You found an ideal physical location for your franchise business. As a first-time business owner, you must understand the differences between residential tenant rights and business tenant rights. It’s important to know when you must handle a situation alone and when to hand things over to the property owner.
Looking over your lease, do you see anything about tenant responsibilities for franchise, state or federal income, or any other taxes? If so, speak with the landlord about specific taxes you must take care of. If you notice sections in the agreement that makes you obligated to pay future taxes, you may ask to remove them from the lease.
Habitability of premises
Unlike a residential real estate lease, your commercial property landlord does not have an obligation to address maintenance issues such as an HVAC system that does not work or a lack of hot water. If such inconveniences happen, you cannot withhold the price of repairs from your rent payments. That said, business property landlords bear responsibility for structural repairs.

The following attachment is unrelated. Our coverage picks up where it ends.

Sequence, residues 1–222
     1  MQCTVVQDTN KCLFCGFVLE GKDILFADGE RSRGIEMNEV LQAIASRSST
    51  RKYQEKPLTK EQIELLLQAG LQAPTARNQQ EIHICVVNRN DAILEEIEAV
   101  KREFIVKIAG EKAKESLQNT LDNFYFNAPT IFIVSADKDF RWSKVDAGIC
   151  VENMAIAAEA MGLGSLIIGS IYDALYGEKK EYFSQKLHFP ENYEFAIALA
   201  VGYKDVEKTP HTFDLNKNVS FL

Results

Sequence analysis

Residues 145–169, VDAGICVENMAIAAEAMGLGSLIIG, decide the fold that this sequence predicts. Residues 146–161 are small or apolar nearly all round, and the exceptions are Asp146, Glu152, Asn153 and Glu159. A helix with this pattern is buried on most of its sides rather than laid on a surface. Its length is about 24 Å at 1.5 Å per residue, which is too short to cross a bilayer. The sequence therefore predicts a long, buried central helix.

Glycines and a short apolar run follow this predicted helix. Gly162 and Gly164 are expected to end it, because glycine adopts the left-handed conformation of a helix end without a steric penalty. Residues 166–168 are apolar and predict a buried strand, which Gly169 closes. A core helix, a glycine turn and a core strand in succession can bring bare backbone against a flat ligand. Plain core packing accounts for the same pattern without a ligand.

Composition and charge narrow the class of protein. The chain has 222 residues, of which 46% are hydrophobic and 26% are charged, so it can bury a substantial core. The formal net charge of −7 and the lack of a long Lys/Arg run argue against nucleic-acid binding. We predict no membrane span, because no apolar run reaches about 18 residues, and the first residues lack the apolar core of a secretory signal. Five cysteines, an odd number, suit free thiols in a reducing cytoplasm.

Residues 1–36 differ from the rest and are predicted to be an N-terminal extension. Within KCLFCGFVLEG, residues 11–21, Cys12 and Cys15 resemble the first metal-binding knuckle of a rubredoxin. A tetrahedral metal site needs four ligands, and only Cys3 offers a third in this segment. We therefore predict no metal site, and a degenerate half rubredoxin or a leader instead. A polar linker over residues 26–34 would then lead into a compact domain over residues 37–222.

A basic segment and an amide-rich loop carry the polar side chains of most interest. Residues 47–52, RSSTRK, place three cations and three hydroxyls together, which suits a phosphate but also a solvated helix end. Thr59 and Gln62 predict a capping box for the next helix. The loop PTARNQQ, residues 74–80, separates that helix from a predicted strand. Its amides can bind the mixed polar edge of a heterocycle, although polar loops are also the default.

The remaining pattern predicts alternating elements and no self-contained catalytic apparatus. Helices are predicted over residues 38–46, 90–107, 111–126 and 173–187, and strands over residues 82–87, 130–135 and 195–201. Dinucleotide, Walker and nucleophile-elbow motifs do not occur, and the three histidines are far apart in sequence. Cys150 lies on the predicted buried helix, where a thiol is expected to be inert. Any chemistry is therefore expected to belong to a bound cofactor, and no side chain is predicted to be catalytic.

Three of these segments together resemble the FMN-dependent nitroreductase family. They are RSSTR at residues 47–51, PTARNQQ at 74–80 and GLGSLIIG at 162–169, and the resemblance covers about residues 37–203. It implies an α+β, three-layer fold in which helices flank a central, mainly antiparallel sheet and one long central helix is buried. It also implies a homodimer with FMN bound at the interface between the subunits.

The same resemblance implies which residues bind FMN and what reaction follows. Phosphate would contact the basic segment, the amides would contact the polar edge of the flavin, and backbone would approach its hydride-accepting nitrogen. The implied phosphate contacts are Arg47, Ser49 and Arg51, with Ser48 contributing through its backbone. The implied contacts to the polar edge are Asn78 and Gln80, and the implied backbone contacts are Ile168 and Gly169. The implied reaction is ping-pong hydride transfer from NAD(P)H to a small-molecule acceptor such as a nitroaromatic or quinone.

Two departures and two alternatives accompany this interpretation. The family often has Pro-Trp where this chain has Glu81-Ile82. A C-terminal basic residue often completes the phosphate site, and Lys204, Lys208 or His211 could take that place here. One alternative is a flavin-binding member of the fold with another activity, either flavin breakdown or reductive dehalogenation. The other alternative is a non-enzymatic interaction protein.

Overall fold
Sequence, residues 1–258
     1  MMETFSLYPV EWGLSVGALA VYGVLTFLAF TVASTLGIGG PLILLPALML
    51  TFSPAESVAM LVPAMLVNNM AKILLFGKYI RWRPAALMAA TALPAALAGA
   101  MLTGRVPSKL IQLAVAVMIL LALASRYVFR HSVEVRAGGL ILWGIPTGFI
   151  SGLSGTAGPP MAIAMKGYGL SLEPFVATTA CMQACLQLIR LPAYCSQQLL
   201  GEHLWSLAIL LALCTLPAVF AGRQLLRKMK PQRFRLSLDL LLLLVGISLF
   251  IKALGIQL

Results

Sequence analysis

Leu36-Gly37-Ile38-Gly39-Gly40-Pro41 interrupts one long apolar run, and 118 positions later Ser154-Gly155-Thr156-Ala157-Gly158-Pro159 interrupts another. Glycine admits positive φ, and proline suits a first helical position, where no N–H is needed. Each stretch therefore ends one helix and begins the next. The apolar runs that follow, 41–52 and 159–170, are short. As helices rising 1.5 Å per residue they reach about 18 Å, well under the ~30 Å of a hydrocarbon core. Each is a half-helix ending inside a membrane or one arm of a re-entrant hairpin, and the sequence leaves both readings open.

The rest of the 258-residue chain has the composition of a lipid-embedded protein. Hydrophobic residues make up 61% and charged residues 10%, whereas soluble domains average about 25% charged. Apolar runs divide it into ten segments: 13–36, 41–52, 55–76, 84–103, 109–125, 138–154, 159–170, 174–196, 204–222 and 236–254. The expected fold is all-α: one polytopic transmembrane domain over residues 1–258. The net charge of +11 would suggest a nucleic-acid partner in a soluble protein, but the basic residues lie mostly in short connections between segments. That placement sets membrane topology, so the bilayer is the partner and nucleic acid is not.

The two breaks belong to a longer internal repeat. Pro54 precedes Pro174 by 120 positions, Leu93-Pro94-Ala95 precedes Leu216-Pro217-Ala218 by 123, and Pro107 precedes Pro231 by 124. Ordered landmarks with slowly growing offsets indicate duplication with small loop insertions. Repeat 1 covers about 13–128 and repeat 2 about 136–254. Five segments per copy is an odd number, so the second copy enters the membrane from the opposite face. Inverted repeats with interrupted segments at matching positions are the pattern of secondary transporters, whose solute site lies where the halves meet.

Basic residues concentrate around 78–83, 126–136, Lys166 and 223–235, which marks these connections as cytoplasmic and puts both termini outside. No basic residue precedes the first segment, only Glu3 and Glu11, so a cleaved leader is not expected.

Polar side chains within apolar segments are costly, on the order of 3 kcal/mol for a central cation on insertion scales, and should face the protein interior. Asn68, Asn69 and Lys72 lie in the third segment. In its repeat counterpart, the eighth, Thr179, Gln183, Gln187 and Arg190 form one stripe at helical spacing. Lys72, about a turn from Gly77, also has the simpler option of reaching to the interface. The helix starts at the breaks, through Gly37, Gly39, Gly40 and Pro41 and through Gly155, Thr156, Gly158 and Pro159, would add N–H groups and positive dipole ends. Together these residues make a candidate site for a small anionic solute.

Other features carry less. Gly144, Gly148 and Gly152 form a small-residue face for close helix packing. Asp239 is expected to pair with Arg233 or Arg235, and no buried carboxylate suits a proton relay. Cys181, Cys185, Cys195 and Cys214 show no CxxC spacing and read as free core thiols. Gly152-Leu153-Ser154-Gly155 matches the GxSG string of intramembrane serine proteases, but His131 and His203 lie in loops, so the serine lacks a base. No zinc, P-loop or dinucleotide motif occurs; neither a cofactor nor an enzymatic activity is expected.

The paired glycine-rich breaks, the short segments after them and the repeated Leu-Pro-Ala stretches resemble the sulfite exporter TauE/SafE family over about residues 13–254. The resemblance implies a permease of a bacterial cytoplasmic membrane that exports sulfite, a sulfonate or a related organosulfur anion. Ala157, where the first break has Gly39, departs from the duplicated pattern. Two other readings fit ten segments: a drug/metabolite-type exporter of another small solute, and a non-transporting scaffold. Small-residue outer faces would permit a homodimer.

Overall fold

Depending on your industry, you may need to make improvements to your commercial space to conduct business, such as adding display shelves or changing rooms. Your landlord owns all improvements you make to the space, except for trade fixtures. Any trade fixtures added to the property remain yours, and you may take them with you if you move out when your lease expires. Your lease should specify trade fixtures you purchase and install and note that you may remove them when you move out.
Do not hesitate to ask for changes to your commercial lease if you feel your landlord has too much power. The agreement should benefit all parties involved.